United Nations warns that young Africans are becoming radicalised

A key report based on interviews with extremist recruits says that governments in the region are providing reasons for them to join the groups

FILE - In this file image taken from video released Friday Oct. 31, 2014, by Boko Haram, Abubakar Shekau, centre, the leader of Nigeria's Islamic extremist group, surrounded by his fighters. Nigeria-based Boko Haram extremists have killed more than 380 people in the Lake Chad region since April, a major resurgence of attacks that has resulted in double the casualties compared to the five months before April, Amnesty International said Tuesday, Sept. 5, 2017. (AP Photo/Boko Haram,File)
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The United Nations has warned that young Africans are increasingly gravitating towards violent extremism, and discovered that in many cases they are pushed towards such actions by the behaviour of their own governments – including perceived state violence or abuse of power and corruption.

The study by the United Nations Development Programme (UNDP), Journey to Extremism in Africa: Drivers, Incentives and the Tipping Point for Recruitment, reveals that a rapidly expanding youth population which has little chance of economic or social betterment is approaching a point when their anger will boil over.

“This study sounds the alarm that as a region, Africa’s vulnerability to violent extremism is deepening,” Abdoulaye Mar Dieye, UNDP Africa director, said on Thursday at the launch of the report in New York.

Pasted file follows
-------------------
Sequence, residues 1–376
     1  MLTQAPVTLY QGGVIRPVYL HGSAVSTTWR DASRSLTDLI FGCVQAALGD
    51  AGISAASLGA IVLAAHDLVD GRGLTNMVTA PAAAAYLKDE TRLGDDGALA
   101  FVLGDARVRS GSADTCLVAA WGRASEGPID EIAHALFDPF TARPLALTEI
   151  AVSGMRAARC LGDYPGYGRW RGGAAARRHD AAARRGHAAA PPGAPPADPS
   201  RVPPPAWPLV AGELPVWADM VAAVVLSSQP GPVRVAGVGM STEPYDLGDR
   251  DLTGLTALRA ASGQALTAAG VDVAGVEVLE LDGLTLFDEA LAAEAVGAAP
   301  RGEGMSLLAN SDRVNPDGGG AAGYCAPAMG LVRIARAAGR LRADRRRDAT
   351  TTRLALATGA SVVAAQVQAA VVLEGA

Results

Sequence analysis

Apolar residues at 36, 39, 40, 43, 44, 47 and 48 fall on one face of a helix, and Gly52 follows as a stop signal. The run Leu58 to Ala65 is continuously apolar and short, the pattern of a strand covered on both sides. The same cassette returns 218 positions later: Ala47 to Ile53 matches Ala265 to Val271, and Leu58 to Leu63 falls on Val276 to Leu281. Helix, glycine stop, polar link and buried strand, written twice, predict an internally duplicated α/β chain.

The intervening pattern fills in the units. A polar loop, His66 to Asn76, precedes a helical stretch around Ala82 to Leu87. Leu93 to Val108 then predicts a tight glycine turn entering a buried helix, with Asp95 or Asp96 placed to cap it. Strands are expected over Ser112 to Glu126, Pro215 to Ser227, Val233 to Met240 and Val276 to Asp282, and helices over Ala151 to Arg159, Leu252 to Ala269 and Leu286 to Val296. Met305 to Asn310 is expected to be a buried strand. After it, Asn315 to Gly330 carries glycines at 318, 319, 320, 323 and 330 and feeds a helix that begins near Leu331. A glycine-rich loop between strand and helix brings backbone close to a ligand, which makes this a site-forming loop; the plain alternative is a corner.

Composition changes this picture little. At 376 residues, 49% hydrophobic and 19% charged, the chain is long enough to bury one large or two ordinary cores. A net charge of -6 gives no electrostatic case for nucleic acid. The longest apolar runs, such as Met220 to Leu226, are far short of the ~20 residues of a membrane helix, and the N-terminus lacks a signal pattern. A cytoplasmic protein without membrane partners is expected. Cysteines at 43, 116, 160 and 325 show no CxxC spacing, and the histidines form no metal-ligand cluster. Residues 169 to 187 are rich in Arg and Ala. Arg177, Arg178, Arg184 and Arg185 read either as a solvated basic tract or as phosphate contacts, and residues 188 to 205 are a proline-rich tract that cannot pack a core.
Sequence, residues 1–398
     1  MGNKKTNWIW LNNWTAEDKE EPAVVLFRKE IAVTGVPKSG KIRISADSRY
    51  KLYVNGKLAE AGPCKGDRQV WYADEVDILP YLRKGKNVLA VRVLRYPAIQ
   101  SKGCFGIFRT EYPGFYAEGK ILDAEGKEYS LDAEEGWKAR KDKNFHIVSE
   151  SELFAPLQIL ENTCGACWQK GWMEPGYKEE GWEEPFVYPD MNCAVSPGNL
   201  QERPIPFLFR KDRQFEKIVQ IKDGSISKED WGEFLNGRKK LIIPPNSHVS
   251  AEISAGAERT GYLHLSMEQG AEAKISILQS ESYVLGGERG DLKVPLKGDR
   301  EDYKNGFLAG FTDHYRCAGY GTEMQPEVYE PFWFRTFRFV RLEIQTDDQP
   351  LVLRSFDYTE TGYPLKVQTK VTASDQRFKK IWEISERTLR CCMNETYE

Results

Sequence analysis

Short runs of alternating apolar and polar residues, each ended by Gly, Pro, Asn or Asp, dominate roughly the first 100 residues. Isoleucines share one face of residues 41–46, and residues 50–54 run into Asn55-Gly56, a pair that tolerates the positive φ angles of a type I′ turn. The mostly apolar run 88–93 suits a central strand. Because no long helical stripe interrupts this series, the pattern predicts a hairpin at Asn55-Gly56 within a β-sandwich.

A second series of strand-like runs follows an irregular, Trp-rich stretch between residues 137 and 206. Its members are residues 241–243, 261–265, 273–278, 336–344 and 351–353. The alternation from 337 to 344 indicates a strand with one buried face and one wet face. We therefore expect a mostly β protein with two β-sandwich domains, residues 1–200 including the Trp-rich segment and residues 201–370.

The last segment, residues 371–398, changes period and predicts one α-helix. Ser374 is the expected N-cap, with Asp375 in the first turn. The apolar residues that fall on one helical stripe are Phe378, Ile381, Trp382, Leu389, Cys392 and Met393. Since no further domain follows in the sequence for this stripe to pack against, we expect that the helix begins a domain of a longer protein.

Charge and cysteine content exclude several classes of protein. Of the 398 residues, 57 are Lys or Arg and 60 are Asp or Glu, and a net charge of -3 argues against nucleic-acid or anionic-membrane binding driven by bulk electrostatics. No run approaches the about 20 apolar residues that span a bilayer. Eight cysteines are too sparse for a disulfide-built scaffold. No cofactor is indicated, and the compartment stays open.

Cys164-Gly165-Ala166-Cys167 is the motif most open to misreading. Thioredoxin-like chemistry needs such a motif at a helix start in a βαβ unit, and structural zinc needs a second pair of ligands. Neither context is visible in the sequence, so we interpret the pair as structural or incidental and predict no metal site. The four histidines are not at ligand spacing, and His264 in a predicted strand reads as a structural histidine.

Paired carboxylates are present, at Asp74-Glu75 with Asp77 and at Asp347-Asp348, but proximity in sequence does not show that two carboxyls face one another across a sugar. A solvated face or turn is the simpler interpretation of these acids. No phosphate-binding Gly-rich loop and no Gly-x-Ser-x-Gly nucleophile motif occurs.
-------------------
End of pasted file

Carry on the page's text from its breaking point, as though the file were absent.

“Borderlands and peripheral areas remain isolated and under-served. Institutional capacity in critical areas is struggling to keep pace with demand. More than half the population lives below the poverty line, including many chronically underemployed youth.”

The study took two years to compile, and involved interviews with 495 voluntary recruits who had joined Africa’s most prominent extremist groups, including Boko Haram and Al Shabaab. The UNDP believes that more than 33,000 people have died in Africa due to extremist attacks between 2011 and early 2016.

One of the study’s eye-catching findings was that more than seven out of ten of the recruits interviewed said that some form of government action had inspired the "tipping point" moment that triggered their decision to join an extremist group – with the killing or arrest of a family member or friend being a key driver.

The UNDP is suggesting that governments in the region rethink their approach for dealing with extremism; that the instinctive desire to ignore rule of law and human rights in a rush to crush terror groups is counter-productive and leads to more incidents. Instead they should focus on strengthening the state and welfare services.

“Delivering services, strengthening institutions, creating pathways to economic empowerment – these are development issues,” Mr Dieye said.